My mother was into blingbling back in the 70s and 80s. Not flashy jewelry or Rolexes or Spinner rims and such. Nothing like that. But, she liked her home to bling! We lived in an apartment bigger than most homes, 10 rooms in all: 4 bedrooms, 3 bathrooms, living-room, dining-room, and kitchen…about 2000 sq. ft. in all! I actually got lost the first day we moved in. It was like a palace. But, the feature that was the source of most of my mother’s pride, the thing she invested the majority of her energy in up-keeping, was laid out from the front door to the kitchen: a span of about 30′ by 6′ feet of Pre-war parquet wood flooring.
My mother went about making this hallway the centerpiece of her home. She waxed and buffed, sanded and shellacked this floor to a bling that would impress a museum curator. So that when you walked into our apartment, the bling, the gleam, the beam would almost paralyze you, like a wooden mirror.
Mind you, this palace was in the ‘hood proper. Over the course of 100 years or so the neighborhood had gone through a number of metamorphoses. It used to be an affluent community, a well-to do suburb of Manhattan. My apartment was equipped with maid’s quarters, servant’s entrances, food preparation nooks, and even a dumb-waiter. All the moldings were handcrafted and art deco, a chandelier hang in the dining-room, glass doors separated it from the living room, and the master bedroom window looked out at the Brooklyn Museum across the street. This was some high living back in the 1920s and 1930s. By the time my family arrived at the apartment in the 1970’s it was at the tail-end of the White Flight from the inner cities to the newer safer suburbs out in Long Island or up in Westchester and beyond. A slumlord had taken over the building. It still had a doorman and a canopy and much of its Pre-War charm, but it also had mice and roaches, graffiti on the walls, piss and garbage in the elevators and knife-wielding, gun-toting, tenants with that ghetto mentality totally incapable of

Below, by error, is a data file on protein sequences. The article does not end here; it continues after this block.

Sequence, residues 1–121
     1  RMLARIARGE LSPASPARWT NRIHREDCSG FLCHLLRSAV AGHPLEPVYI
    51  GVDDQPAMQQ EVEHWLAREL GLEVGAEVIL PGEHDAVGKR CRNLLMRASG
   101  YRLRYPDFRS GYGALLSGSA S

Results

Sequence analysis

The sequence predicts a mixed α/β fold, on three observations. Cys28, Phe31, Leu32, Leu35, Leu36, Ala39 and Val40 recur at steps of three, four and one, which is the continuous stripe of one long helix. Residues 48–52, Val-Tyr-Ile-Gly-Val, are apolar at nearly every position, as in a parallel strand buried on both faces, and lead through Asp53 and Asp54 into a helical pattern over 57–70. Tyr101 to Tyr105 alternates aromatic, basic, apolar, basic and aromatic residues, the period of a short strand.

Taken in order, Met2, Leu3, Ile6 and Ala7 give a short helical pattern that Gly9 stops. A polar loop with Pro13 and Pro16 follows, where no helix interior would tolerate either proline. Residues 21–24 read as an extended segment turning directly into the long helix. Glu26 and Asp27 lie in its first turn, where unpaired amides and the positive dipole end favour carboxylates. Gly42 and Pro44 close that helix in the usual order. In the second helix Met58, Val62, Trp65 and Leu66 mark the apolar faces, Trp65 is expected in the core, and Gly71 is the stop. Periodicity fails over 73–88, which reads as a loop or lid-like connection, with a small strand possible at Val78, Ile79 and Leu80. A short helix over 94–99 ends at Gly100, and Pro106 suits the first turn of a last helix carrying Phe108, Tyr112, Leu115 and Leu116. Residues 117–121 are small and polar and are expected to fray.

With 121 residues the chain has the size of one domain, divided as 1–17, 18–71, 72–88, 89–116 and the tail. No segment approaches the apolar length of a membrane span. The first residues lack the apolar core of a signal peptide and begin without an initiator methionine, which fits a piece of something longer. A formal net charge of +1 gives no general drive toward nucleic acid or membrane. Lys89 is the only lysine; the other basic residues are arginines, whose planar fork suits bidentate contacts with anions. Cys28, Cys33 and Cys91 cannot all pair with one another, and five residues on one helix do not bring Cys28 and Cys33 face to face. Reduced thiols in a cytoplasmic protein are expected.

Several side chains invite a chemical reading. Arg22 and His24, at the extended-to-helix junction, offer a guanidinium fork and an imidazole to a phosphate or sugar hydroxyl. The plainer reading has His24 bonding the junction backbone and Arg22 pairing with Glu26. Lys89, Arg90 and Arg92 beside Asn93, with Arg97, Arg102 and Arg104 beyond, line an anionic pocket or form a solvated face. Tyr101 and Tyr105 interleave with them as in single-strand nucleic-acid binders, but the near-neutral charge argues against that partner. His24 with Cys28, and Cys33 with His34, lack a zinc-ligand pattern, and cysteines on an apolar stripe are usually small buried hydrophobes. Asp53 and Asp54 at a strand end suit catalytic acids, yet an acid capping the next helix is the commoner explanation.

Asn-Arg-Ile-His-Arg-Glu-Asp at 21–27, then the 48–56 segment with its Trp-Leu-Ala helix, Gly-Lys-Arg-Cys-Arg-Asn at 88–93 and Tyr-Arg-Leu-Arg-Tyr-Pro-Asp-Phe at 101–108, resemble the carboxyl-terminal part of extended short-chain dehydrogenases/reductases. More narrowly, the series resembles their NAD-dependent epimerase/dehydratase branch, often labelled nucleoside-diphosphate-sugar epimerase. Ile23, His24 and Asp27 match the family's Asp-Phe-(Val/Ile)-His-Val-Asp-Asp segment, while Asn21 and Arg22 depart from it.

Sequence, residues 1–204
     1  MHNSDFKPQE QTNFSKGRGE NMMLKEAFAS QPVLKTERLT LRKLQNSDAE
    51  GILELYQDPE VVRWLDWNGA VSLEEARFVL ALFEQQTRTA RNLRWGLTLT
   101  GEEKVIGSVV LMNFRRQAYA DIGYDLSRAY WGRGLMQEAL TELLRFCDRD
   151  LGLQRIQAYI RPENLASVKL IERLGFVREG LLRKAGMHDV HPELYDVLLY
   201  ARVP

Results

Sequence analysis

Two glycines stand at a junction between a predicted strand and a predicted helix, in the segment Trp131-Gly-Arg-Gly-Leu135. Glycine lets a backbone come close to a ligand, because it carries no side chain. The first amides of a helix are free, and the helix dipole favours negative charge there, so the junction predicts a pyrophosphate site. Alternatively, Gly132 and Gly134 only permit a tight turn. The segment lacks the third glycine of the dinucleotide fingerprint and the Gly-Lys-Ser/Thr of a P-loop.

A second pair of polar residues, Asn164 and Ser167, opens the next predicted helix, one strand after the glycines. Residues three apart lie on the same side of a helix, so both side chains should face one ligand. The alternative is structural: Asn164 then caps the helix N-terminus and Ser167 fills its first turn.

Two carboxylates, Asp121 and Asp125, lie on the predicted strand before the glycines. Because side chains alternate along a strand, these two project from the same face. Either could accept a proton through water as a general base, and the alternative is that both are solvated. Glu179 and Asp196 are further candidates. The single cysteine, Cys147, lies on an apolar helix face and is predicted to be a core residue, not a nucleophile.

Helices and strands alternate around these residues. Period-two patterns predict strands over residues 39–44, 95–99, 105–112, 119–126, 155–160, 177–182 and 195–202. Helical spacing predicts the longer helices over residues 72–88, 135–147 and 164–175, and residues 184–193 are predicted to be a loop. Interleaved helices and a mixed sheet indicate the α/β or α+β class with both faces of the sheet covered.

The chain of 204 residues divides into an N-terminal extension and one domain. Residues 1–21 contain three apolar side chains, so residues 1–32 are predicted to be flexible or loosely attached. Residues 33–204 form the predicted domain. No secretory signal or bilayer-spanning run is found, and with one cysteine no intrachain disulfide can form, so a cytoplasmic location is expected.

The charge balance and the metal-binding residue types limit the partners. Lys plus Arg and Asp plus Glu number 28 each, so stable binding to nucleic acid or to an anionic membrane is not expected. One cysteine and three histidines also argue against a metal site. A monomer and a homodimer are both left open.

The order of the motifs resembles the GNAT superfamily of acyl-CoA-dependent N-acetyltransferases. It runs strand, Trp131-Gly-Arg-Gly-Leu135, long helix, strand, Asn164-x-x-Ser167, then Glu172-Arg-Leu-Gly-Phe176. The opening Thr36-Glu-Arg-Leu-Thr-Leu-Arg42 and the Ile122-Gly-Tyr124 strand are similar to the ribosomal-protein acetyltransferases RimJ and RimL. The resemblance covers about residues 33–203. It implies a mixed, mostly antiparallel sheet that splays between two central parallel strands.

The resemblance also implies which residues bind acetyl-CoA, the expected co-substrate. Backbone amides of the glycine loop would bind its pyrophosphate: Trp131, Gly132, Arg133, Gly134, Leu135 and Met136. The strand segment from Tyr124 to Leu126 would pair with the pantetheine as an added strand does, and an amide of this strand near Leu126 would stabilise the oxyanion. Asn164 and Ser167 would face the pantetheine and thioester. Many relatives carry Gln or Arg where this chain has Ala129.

appreciating the feast for the senses the building used to be.
But, my mother could.
(btw, I just found a listing for apartments in that building- now condos- one sold for 1.1 million)
The drawback, for me, to keeping a floor at museum level blingbling was shoe removal. There were two closets near the front door and once your shoes were removed they were to be placed in one of them. Convenient, you say? No big deal, right?
Well, no big deal if you have normal feet. But, I don’t now and I didn’t then. Back then, I had many of the ailments I still retain, with one other that doesn’t plague me as much as it used to, but the trauma, the complex, remains intact: Atrocious smelling feet.
I don’t know why my feet smelled so bad. I mean, it wasn’t a hygiene problem. I bathed as often as any kid did. And I even gave the washing of my feet extra attention I was so concerned. I mean, nothing worked. My foot bacteria somehow managed to deactivate all that super activated charcoal rendering Odor-Eaters useless, their effective period reduced from the period promised on the packaging to mere days. Moreover, drawn by the funk and moist bacterial breeding environment in my sneakers, Roaches would congregate. I had to shake a colony out before putting them on in the morning. My sibs teased me. Even my older brothers, whose feet stink too, teased me; my stink was so bad it canceled out all other stinks.